What Is Your Favorite New Show Of 2017?

One thing you can say about TV in 2017: there certainly was a lot of it. And a lot of it was new, too. Alan Sepinwall included a fair number of new series on his Top 20 list and still managed to make a list of 10 more worthy shows. We polled a bunch of Uproxx writers for their favorite shows and found even more.

What Is Your Favorite New Show Of 2017?

Star Trek: Discovery, by a mile. I’ve already written about the first half of the season, and watching the first few episodes brought back everything I loved about Star Trek and (almost) nothing that made me cringe. Dan Seitz

The Handmaid’s Tale for a variety of reasons, mainly because it felt so relevant watching Elisabeth Moss defy the patriarchy while smirking under her bonnet. It also did my soul good to see more of Ann Dowd. You can never have too much Ann Dowd. – Jessica Toomer

With cinematic entries like The Dark Knight and Captain America: The Winter Soldier, comic book adaptations have proven their critical worth on the big screen. The small screen, however, is a different story. Or at least that was until 2017, when FX and Hulu gifted audiences with Legion and Runaways, respectively. The first’s merits are well established, but the latter — created by The O.C. and Gossip Girl alums Josh Schwartz and Stephanie Savage — is only a few episodes into its first season run. Never fear, for the adaptation of Brian K. Vaughan and Adrian Alphona’s popular Marvel series not only stays true to the spirit of the source material, but also expands the story into something genre aficionados and lay audiences alike can appreciate. It’s a perfect mix of faithfulness and experimentation that doesn’t go quite to Legion’s extremes but nonetheless presents a fun, digestible story. — Andrew Husband

2017 was a painful year for women. (I mean, it’s always been rough but you catch my drift.) So seeing a scrappy group of misfit ladies come together and find meaning through wrestling in GLOW was pretty damn wonderful. If you didn’t shed a tear when Machu Picchu won her final fight while her dad cheered her on, you might be a robot. And the only good robot is one that’s full of drugs. –– Alyssa Fikse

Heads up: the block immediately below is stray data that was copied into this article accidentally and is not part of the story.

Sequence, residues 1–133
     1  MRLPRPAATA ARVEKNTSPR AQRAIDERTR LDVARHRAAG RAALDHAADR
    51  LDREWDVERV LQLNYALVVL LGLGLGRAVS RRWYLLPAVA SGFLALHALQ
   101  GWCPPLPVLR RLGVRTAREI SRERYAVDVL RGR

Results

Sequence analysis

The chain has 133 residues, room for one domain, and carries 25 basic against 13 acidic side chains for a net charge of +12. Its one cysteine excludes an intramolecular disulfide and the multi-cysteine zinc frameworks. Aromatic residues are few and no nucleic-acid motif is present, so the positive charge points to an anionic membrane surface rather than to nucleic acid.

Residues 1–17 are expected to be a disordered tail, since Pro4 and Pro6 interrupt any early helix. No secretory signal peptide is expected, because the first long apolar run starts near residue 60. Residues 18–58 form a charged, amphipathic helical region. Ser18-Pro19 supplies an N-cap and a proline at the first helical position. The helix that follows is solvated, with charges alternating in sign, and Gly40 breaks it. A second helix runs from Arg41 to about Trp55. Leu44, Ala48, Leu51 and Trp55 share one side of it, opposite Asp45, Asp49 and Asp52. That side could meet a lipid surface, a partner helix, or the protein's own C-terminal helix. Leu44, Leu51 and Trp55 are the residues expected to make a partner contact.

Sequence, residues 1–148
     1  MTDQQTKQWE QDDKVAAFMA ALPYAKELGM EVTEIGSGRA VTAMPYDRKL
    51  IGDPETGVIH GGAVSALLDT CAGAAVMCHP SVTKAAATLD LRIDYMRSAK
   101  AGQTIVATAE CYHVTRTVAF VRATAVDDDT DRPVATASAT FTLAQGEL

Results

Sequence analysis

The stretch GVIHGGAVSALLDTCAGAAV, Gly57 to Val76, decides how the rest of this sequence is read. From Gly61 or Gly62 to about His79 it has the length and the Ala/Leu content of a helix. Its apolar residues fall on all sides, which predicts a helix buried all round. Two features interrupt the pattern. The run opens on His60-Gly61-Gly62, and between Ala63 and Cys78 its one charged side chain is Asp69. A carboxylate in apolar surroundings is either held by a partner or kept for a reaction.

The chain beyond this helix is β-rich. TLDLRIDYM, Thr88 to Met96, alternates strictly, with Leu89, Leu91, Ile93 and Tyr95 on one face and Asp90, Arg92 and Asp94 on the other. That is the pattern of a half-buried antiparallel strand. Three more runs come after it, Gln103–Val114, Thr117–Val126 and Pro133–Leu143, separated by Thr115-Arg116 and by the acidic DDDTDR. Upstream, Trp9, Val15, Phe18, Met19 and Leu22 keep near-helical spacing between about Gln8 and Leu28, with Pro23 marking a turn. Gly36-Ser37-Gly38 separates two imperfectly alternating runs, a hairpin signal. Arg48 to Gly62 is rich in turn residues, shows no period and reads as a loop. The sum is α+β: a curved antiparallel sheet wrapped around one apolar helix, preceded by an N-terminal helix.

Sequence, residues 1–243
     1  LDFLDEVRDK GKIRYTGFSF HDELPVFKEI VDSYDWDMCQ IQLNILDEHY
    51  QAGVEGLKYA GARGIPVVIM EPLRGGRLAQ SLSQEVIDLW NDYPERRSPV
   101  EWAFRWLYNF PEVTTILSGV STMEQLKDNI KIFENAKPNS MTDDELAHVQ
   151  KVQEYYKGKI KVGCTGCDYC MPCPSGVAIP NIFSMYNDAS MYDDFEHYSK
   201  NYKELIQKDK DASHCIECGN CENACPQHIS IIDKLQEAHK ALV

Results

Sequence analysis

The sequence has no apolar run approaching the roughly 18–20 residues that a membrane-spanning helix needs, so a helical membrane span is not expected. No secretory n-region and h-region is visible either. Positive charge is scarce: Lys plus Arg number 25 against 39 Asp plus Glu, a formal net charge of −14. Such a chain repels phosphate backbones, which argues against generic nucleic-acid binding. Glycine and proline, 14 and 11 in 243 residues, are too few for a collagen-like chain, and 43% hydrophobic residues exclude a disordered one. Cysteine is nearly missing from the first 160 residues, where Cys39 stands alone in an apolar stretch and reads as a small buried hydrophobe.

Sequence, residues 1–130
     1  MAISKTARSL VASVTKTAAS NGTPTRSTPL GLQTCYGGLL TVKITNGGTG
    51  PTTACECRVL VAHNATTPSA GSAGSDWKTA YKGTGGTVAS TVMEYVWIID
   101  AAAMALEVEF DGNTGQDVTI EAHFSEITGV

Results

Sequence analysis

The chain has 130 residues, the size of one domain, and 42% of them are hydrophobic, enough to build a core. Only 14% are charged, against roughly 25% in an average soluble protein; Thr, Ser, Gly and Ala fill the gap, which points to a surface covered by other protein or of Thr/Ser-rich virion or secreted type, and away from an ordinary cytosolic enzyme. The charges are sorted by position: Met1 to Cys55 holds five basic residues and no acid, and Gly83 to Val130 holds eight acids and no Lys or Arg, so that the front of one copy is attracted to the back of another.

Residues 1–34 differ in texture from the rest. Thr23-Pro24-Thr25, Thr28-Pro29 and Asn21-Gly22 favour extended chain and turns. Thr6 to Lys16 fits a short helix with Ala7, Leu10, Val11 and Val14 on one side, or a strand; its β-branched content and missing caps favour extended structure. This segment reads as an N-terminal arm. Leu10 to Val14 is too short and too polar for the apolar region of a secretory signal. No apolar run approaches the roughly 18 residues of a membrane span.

Pete Holmes is a talented and affable comedian whose TBS late night show stood out for its want to evade the creative status quo in the genre. That it died quickly is a shame, but without that failure Crashing never would have come to be. Produced by Holmes and Judd Apatow as a scripted comedy, Holmes’ character’s try to make a living as a stand-up comedian feels like a fantastical odyssey as he teams up with strange and interesting personalities for a series of awkward adventures that help teach him how to survive in the world of the New York comedy scene. All this while dealing with the end of a marriage that was an obvious (to everyone but him) poor fit. There are times when you’ll wince at what Pete says, does, or experiences, specifically as they pertain to the way he processes the crude way his marriage ended, but it’s impossible to hate on Holmes’ wide-eyed creation and the show. — Jason Tabrys

I really enjoyed Mindhunter and ended up binging it over a weekend. I’ve always enjoyed David Fincher’s work and feel like Zodiac might be his best. Naturally, I got excited when I heard he was doing a show based on one of the best true crime books available. And that was before watching. Holden Ford is a flawed character, but he’s the type of flawed that I can relate to. The interest he takes in these monsters is something you’ll find in any true crime fan out there. The show came at the perfect time to mesh with my interests and ended up being a solid television experience beyond that. — Andrew Roberts

(Have you checked out the TV Avalanche podcast with Alan Sepinwall and Brian Grubb? Subscribe on iTunes or Google.)